Wednesday is when that changes in a major way. Sen. Bernie Sanders (I-Vt.) may be the leading candidate in the race, but it seems likely to be the debutant who will garner the most attention and attacks. And there’s more than enough to work with. Bloomberg’s comments about women and minorities and crime have circulated heavily in recent days, and he’ll have to answer for them on the spot. He’s also a relatively recent convert to the Democratic Party, which has moved against billionaires such as him in recent years.
How will he handle it? Unfortunately with Bloomberg, we don’t have a good, recent debate performance to draw upon. The last time he debated was in 2009, when he faced off twice with New York City comptroller Bill Thompson. Thompson at the time was waging an uphill campaign as the Democratic nominee against the two-term incumbent mayor, who was then running as an independent.
But there are some lessons to glean. A few observations:
Bloomberg does his homework
Stories have been written about the extensive preparation underway for this big moment in Bloomberg’s campaign. It has been underway for weeks, even though it wasn’t totally clear Bloomberg would qualify for Wednesday’s debate, and top aides have been playing the roles of his Democratic opponents.
Bloomberg’s twin clashes with Thompson show that he’s rarely caught off-guard. He entered the latter contest a week before the election with a relatively safe double-digit lead in the polls, but he was arguably the more combative candidate, and he was generally viewed as the winner. He repeatedly pointed to Thompson’s time as head of the city’s board of education in the 1990s and also to Thompson having failed to raise concerns about the mayor during his time as comptroller under Bloomberg.
“Comptroller Thompson was the comptroller for the last eight years, and if there was all this waste, it’s a shame he didn’t point it out back then,” Bloomberg said.
He added at another point: “You can’t have it both ways. Bill has for eight years in a row said that our plans, our financial plans every time he’s testified were prudent, well thought-out and appropriate. Now all of a sudden he’s running for mayor, and he wants to disavow that.”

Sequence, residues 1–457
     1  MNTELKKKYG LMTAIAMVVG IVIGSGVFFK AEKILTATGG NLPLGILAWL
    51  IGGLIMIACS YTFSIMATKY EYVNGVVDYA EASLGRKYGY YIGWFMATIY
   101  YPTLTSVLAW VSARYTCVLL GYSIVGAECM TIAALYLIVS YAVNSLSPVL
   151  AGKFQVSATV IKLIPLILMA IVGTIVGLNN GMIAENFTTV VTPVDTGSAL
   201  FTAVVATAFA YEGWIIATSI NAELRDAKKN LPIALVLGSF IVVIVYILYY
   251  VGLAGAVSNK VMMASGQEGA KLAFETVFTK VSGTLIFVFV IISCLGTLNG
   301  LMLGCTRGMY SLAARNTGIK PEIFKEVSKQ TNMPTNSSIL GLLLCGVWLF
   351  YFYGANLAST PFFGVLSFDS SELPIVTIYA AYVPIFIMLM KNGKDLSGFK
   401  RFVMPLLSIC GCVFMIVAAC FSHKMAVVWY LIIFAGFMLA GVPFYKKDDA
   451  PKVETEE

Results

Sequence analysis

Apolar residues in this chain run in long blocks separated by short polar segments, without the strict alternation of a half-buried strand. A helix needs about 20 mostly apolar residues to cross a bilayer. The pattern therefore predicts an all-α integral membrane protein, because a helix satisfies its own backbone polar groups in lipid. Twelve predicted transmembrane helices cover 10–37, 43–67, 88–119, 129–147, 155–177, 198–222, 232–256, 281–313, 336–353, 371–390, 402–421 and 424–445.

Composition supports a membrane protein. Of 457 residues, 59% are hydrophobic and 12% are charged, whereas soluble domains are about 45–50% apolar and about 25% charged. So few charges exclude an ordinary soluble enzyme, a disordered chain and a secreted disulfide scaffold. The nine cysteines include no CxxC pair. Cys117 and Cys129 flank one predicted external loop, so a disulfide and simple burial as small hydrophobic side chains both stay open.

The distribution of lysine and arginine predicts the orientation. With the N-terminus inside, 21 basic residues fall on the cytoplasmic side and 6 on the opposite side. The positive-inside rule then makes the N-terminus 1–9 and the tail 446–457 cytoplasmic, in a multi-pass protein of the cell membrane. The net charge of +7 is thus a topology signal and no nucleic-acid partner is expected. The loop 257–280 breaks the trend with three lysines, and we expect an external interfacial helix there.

When Thompson claimed that he set up the city’s schools to be taken over by the mayor’s office early in Bloomberg’s tenure, Bloomberg — as he did often in the debate — turned it around.
“Well, you did pave the way for mayoral control,” Bloomberg said. “Everybody looked at the job that was done in the 1990s, when you ran the board of education, and they said, ‘No más!’ ”
The charisma and empathy question
Even as that last line worked — and drew rare applause from the studio audience — it wasn’t exactly delivered with aplomb. Bloomberg’s style is almost completely charisma-free, and his visage practically screams “technocrat.” He makes odd gestures with his hands, doesn’t look particularly thrilled to be there and occasionally stumbles over his words.
Toward the end of the last debate with Thompson, the two candidates were asked to grade each other for their performances in their jobs. Thompson said he would be generous and give Bloomberg a D-minus. Bloomberg, responding second and with plenty of time to think about a dicey question, tried to joke that Thompson was the best comptroller he had worked with. The punchline was supposed to be that Thompson was the only comptroller Bloomberg worked with, but it just didn’t land.
In another key moment, Bloomberg was asked to define what it was to be middle class in New York City. He talked generally about what kind of lifestyle it was rather than how much money such people made, but it didn’t exactly scream “empathy.”
“They set the alarm clock, and they punch the time clock, and they’re proud of being New Yorkers and proud of working in the diverse society that we have,” Bloomberg said.
Pressed for numbers, Bloomberg again demurred.
“There isn’t a number because someone who lives here who is single lives very differently from someone with family,” Bloomberg said, ignoring that this is usually factored into definitions of middle class. “A middle-class person is a person who has a job and can pay the bills but does not have a lot of extra money and probably has a little bit of fear of what would happen to them if they lost their job.”
A prickly side
That empathy gap also came up when Bloomberg was asked about his wealth quadrupling during his time as mayor.
Bloomberg pretended not to know whether that was true — which is a little difficult to swallow — and then bristled at a follow-up question about whether his wealth made him out of touch.
“What do you think when you hear that criticism?” the moderator asked.
“Me? Which criticism?” Bloomberg asked, apparently genuinely not understanding the line of questioning or that it was for him.
Then, though, Bloomberg shook his head and demonstrably shrugged, as if he didn’t appreciate being asked about it. It was the kind of thing people around Bloomberg point to when they express concern about his prickliness possibly leading to a bad moment Wednesday night.
Bloomberg arguably rescued the moment, though, by turning the question from empathy to competence.
“It’s very easy to say, ‘I feel your pain.’ That’s not what we need,” Bloomberg said. “We need people who are going to go and actually do things to make things better.”
Watching it, it was easy to see Bloomberg making a similar argument Wednesday night: I may be a stiff, very New York billionaire and not exactly your ideal, but we need someone who can beat President Trump.
Whether that will be the prevailing image he projects Wednesday night — when he’ll face candidates more skilled and practiced than Thompson, and with fire coming from all sides — will be key. And it’ll go a long way toward determining whether Bloomberg is a contender or just a rich guy who purchased a polling bubble that will soon burst.